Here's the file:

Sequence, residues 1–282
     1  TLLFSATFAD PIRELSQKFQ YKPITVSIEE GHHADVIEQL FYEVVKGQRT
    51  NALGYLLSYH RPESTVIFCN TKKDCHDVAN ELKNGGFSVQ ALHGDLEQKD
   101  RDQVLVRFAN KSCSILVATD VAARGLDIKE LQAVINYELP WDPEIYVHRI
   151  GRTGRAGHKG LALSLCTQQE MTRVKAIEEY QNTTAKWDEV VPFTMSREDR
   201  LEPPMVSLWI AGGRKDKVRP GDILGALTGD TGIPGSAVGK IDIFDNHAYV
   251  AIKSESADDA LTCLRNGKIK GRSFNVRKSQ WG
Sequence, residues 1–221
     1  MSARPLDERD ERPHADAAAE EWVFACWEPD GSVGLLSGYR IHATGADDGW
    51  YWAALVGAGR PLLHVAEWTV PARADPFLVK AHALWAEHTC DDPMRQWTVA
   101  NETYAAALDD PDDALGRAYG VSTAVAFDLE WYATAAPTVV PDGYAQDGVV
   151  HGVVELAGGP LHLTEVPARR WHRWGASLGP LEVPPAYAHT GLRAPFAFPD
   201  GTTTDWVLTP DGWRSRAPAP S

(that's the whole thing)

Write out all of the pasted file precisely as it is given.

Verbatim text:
Sequence, residues 1–282
     1  TLLFSATFAD PIRELSQKFQ YKPITVSIEE GHHADVIEQL FYEVVKGQRT
    51  NALGYLLSYH RPESTVIFCN TKKDCHDVAN ELKNGGFSVQ ALHGDLEQKD
   101  RDQVLVRFAN KSCSILVATD VAARGLDIKE LQAVINYELP WDPEIYVHRI
   151  GRTGRAGHKG LALSLCTQQE MTRVKAIEEY QNTTAKWDEV VPFTMSREDR
   201  LEPPMVSLWI AGGRKDKVRP GDILGALTGD TGIPGSAVGK IDIFDNHAYV
   251  AIKSESADDA LTCLRNGKIK GRSFNVRKSQ WG
Sequence, residues 1–221
     1  MSARPLDERD ERPHADAAAE EWVFACWEPD GSVGLLSGYR IHATGADDGW
    51  YWAALVGAGR PLLHVAEWTV PARADPFLVK AHALWAEHTC DDPMRQWTVA
   101  NETYAAALDD PDDALGRAYG VSTAVAFDLE WYATAAPTVV PDGYAQDGVV
   151  HGVVELAGGP LHLTEVPARR WHRWGASLGP LEVPPAYAHT GLRAPFAFPD
   201  GTTTDWVLTP DGWRSRAPAP S